Dark clouds are starting to hang over the Greek economy as a result of the fiscal consequences of the coronavirus spread and the government’s inability to address the economic issues that arise. In particular, a 10% recession and an “explosion” of the unemployment rate at 22.3% of the workforce is forecast by the International Monetary Fund (IMF) for Greece in 2020. At the same time, the Fund estimates that the economy will return to a recovery trajectory with a 5.1% expansion in 2021. However, the projected percentage cannot cover today’s gloomy landscape that has become of the Greek economy.
The rise in unemployment will reach five points after 17.3% in 2019, and the pivotal effects on the labor market are not expected to normalize quickly, since in 2021 the IMF estimates that unemployment rates in Greece will surge to 19%. Significant deterioration is also predicted in the current account deficit with the gap widening from 2.1% to 6.5% of GDP in 2020 before narrowing again to 3.4% in 2021.
The World Economic Outlook report released recently notes that the global economic downturn was projected at 3%, with the revised figures surging by more than 6 percentage points compared to the initial estimates, before the world began experiencing the effects of the pandemic. The IMF directly compares the magnitude of the current crisis with that of the Great Depression of 1930, highlighting the great uncertainties in forecasting.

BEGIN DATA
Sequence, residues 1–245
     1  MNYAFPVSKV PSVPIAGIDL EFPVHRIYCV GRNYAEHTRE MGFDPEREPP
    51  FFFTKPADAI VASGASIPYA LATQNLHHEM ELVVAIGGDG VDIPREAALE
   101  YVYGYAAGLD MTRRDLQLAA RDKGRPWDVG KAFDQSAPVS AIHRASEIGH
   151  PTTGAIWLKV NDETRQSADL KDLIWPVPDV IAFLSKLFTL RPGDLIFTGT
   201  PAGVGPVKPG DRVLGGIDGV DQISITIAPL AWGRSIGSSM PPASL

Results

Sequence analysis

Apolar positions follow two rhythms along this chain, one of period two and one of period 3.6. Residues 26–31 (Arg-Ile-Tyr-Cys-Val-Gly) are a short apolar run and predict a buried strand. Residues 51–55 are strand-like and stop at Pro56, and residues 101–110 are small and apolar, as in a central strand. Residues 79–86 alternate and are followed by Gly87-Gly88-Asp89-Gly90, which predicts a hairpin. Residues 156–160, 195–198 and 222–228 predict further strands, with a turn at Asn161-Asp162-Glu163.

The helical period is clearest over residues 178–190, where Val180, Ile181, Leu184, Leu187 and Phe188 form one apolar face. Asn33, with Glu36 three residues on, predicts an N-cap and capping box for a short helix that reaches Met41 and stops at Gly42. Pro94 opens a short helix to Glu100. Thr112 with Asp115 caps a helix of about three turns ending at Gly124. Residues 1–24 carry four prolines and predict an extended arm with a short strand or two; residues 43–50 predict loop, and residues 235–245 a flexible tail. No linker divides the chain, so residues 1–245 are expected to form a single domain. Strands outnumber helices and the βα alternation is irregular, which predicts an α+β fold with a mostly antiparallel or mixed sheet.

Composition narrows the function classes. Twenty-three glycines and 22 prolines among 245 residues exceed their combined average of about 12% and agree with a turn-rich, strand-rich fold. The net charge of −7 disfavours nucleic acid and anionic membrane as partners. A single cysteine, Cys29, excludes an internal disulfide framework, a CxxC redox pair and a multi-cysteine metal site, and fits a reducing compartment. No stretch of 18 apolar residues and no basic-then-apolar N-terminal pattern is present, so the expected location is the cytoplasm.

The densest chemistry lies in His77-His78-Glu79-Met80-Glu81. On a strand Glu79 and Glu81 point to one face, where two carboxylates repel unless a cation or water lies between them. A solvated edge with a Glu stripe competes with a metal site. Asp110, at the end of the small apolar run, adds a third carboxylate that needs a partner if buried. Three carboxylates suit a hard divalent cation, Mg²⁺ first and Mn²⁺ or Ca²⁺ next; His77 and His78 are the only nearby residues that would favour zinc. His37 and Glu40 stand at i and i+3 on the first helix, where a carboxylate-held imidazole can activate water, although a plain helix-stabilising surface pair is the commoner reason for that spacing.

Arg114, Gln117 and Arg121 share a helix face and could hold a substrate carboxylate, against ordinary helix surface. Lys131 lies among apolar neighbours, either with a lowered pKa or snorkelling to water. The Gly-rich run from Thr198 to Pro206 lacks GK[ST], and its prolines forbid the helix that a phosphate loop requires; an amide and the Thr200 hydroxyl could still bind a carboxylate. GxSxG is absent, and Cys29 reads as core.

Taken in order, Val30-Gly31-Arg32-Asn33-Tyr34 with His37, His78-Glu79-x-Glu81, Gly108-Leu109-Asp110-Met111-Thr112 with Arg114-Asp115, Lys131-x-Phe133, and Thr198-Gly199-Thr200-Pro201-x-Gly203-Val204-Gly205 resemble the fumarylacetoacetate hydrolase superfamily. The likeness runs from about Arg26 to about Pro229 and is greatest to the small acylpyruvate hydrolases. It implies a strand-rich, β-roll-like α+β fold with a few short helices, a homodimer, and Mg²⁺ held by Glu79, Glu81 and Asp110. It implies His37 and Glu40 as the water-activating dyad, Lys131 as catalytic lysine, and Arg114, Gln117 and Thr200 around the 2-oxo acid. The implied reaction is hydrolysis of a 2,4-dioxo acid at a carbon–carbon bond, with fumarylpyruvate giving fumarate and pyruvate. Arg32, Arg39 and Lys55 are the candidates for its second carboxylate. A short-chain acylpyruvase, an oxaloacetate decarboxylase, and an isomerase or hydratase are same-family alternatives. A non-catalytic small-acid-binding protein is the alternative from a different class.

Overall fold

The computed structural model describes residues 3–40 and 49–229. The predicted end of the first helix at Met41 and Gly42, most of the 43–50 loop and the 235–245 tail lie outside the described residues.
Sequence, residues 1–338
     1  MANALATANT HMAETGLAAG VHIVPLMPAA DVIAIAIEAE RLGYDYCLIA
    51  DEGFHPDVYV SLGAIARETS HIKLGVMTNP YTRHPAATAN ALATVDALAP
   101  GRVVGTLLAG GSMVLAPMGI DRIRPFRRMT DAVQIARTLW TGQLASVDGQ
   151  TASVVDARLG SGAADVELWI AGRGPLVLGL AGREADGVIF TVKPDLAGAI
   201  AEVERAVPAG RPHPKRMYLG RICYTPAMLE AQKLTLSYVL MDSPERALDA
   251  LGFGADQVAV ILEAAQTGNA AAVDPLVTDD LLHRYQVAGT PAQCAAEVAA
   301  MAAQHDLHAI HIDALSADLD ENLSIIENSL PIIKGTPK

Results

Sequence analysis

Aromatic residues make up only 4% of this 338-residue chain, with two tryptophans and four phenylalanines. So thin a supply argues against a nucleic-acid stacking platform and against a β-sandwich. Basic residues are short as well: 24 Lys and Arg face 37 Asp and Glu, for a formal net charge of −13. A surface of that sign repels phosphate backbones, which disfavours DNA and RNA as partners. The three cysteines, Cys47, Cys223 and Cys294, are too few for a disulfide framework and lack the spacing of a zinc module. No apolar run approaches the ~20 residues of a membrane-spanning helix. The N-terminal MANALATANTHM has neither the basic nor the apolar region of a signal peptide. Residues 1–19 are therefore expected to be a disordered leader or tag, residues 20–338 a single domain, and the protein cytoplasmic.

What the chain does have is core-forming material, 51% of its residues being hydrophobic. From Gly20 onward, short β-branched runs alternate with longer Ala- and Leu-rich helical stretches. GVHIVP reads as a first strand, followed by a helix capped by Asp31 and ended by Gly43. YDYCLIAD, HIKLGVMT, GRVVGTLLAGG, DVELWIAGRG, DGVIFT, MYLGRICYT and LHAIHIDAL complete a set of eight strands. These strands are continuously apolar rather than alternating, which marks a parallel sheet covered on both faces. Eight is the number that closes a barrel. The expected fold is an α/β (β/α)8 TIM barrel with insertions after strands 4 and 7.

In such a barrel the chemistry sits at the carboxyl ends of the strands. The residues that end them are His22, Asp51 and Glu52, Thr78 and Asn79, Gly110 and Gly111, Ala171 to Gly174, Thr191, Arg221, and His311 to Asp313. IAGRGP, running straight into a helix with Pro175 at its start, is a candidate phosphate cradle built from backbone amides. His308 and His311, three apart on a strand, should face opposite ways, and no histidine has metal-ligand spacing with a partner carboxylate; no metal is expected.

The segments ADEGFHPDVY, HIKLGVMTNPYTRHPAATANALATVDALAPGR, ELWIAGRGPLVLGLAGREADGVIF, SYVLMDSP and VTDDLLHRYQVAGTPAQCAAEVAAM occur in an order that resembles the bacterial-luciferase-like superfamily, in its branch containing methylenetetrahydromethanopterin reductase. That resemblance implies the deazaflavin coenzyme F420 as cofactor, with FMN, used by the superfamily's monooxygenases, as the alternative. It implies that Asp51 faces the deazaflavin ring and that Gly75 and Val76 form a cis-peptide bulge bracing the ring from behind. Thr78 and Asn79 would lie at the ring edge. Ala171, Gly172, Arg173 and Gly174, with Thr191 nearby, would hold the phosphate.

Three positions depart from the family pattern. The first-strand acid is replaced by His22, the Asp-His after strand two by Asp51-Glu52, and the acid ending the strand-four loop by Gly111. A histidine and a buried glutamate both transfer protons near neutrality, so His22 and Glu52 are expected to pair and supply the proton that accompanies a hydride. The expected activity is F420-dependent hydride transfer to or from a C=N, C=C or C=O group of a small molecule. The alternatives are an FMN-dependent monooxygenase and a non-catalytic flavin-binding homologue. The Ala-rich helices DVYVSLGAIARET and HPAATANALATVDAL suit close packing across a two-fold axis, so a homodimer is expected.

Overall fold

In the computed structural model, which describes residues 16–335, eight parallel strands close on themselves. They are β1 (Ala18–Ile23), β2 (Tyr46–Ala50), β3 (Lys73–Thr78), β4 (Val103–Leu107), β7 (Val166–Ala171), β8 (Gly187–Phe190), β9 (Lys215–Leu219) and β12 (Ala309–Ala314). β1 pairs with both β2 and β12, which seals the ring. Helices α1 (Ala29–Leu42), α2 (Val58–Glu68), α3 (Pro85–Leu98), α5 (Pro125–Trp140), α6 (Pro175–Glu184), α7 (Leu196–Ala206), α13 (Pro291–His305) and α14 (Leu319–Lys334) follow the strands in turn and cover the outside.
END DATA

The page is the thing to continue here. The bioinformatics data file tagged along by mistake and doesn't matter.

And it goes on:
The projected global economic recovery of 5.8% in the key scenario in 2021 is directly dependent on the pace at which the pandemic will be curbed in the second half of 2020, allowing the gradual lifting of restrictive measures and the revitalization of consumer and investment confidence.
In the eurozone, the IMF sees a 7.5% decline this year (4.7% expansion in 2021) with Greece reaching -10%, Italy at -9.1%, Spain at -8%, France at -7.2% and Germany at -7 %. /ibna